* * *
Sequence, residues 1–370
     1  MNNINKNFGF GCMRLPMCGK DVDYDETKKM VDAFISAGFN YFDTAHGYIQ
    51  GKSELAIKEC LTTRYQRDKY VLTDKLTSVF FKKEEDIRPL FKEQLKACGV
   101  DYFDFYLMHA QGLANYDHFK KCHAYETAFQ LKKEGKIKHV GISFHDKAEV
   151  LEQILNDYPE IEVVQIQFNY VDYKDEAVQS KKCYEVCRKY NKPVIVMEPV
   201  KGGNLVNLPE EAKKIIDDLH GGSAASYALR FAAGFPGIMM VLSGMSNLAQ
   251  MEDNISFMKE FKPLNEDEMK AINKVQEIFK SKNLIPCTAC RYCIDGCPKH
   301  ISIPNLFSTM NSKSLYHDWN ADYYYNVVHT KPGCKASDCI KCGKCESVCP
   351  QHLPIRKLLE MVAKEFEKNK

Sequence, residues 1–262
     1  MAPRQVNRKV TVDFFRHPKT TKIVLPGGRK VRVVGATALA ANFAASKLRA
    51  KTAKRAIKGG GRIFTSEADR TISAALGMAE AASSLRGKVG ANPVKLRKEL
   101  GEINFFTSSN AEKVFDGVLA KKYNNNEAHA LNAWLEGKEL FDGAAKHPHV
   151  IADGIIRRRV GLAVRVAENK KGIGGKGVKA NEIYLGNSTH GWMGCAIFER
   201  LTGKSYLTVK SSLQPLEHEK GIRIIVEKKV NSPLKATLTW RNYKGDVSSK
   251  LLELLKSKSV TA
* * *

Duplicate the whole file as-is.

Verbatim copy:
Sequence, residues 1–370
     1  MNNINKNFGF GCMRLPMCGK DVDYDETKKM VDAFISAGFN YFDTAHGYIQ
    51  GKSELAIKEC LTTRYQRDKY VLTDKLTSVF FKKEEDIRPL FKEQLKACGV
   101  DYFDFYLMHA QGLANYDHFK KCHAYETAFQ LKKEGKIKHV GISFHDKAEV
   151  LEQILNDYPE IEVVQIQFNY VDYKDEAVQS KKCYEVCRKY NKPVIVMEPV
   201  KGGNLVNLPE EAKKIIDDLH GGSAASYALR FAAGFPGIMM VLSGMSNLAQ
   251  MEDNISFMKE FKPLNEDEMK AINKVQEIFK SKNLIPCTAC RYCIDGCPKH
   301  ISIPNLFSTM NSKSLYHDWN ADYYYNVVHT KPGCKASDCI KCGKCESVCP
   351  QHLPIRKLLE MVAKEFEKNK

Sequence, residues 1–262
     1  MAPRQVNRKV TVDFFRHPKT TKIVLPGGRK VRVVGATALA ANFAASKLRA
    51  KTAKRAIKGG GRIFTSEADR TISAALGMAE AASSLRGKVG ANPVKLRKEL
   101  GEINFFTSSN AEKVFDGVLA KKYNNNEAHA LNAWLEGKEL FDGAAKHPHV
   151  IADGIIRRRV GLAVRVAENK KGIGGKGVKA NEIYLGNSTH GWMGCAIFER
   201  LTGKSYLTVK SSLQPLEHEK GIRIIVEKKV NSPLKATLTW RNYKGDVSSK
   251  LLELLKSKSV TA